Arvizu v. Fernandez
In Arvizu v. Fernandez, 183 Ariz. 224, 902 P.2d 830 (Ariz. App. 1995), the Court of Appeals of Arizona considered whether Armando Arvizu could challenge the paternity of his son twenty years after his divorce from the child's mother. The mother "brought contempt proceedings against appellee Armando C. Arvizu ("father") for failure to pay child support arrearages ordered pursuant to a 1971 divorce decree." Id. at 831.
The father argued that one of the children, Armando, Jr., was not his, and that this challenge was not barred "because, at the time of the divorce decree, he was not aware of the possibility" that Armando, Jr. was not his son. Id. at 833.
The appellate court held that laches barred him from challenging paternity, explaining, id. at 834:
"Although we do not know precisely when father first became "suspicious," he acknowledges that he became "convinced" by 1981 that Armando, Jr. was not his. Yet, despite such knowledge, father later that year stipulated to an increase in his child support obligation and did not bring to the court's attention his claim challenging paternity.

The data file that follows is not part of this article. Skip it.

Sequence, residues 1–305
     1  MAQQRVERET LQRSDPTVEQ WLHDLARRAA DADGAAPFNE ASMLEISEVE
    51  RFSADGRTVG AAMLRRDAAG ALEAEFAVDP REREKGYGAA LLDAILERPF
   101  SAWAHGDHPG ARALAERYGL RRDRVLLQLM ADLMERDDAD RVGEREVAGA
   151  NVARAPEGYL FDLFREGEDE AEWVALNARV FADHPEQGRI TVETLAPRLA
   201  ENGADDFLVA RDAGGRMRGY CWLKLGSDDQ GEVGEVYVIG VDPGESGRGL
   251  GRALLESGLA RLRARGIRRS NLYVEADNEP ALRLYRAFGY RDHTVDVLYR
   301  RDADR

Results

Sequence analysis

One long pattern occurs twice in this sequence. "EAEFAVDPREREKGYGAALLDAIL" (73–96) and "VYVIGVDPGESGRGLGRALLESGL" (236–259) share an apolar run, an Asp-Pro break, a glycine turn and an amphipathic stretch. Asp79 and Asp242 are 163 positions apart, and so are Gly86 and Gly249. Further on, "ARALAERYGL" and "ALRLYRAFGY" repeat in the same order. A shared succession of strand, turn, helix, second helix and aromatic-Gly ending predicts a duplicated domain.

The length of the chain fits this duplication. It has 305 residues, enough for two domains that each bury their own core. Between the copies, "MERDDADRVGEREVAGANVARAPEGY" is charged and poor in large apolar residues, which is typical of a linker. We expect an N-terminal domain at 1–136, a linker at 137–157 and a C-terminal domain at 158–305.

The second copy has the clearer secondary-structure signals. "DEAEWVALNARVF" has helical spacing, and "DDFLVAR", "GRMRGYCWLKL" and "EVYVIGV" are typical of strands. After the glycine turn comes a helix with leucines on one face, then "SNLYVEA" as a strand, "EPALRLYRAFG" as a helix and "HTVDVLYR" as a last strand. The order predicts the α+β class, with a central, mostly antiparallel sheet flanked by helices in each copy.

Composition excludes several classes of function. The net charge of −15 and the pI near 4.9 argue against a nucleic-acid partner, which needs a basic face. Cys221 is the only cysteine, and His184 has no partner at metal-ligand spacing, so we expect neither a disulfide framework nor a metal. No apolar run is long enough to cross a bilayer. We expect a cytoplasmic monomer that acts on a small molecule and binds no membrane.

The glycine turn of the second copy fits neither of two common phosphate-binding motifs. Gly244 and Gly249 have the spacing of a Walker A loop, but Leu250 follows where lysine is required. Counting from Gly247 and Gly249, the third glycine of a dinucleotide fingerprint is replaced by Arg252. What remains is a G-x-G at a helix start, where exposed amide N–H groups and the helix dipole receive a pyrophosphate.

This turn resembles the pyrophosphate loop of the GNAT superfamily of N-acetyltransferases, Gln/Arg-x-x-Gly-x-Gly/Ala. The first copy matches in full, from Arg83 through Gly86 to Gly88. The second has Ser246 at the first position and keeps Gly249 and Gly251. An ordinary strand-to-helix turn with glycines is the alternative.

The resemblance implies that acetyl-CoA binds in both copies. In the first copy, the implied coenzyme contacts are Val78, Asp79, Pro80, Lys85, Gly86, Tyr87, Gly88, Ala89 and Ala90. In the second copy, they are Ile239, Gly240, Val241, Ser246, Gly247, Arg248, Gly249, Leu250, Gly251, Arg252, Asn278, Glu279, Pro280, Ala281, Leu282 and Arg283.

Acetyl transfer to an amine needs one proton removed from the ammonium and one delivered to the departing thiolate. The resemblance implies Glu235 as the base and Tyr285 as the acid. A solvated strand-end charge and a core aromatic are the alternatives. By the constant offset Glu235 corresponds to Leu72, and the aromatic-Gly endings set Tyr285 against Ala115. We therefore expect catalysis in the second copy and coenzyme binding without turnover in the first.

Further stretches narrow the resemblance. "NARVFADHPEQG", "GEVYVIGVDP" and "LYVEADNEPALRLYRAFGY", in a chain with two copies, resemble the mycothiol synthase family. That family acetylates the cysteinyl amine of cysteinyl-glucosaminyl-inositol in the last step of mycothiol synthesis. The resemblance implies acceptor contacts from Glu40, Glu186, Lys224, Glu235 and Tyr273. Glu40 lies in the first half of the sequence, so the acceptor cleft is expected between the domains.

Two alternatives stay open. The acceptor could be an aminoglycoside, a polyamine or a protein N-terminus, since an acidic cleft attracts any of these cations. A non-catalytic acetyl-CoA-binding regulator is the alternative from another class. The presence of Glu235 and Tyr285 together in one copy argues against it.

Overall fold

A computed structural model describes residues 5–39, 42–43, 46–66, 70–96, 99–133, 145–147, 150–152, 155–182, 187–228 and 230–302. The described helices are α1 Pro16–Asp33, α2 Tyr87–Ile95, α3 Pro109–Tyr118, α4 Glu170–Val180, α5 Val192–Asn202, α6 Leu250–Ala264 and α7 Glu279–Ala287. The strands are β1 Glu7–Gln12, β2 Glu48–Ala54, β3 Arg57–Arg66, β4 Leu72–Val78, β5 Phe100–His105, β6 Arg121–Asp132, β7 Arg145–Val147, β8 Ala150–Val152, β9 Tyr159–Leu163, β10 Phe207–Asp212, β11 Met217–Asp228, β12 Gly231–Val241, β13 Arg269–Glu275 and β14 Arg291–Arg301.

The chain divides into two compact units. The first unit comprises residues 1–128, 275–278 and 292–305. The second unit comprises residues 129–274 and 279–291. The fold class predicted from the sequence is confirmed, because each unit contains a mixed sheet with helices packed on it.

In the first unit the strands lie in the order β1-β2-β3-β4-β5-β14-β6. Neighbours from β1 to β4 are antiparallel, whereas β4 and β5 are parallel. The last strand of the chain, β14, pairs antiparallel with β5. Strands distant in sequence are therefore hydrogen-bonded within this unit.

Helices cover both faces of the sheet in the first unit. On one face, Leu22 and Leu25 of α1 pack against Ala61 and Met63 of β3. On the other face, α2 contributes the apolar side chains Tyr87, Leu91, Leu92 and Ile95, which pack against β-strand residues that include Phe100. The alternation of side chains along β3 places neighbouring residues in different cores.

Four years later, mother initiated another post-judgment proceeding against father. Although he claims to have discussed the issue of paternity with an attorney at that time, father did not contest mother's petition and thereby allowed both an increase in his child support obligation and a judgment for arrearages to be ordered by the court.
It was not until 1993, twelve years after he admittedly became "convinced" that Armando, Jr. was not his son, that father attempted to challenge paternity. Under these circumstances, where father has waited at least twelve years and has neglected several opportunities to bring his claim to the court's attention, we hold that his delay was unreasonable."
Furthermore, the court held that the resulting prejudice to the mother was "obvious." Id.
The court reasoned: "Had father timely asserted his claim, and had blood tests revealed that Armando, Jr. was not his son, mother could have sought support payments from the biological father. But because Armando, Jr. has now been emancipated for more than seven years, mother cannot seek support from someone other than father." Id.